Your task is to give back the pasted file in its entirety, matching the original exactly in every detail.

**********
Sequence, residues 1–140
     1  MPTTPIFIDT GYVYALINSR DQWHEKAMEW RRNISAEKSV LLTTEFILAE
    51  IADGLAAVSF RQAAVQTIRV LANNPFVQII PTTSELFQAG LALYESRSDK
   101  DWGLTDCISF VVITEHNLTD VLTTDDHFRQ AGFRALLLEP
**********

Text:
Sequence, residues 1–140
     1  MPTTPIFIDT GYVYALINSR DQWHEKAMEW RRNISAEKSV LLTTEFILAE
    51  IADGLAAVSF RQAAVQTIRV LANNPFVQII PTTSELFQAG LALYESRSDK
   101  DWGLTDCISF VVITEHNLTD VLTTDDHFRQ AGFRALLLEP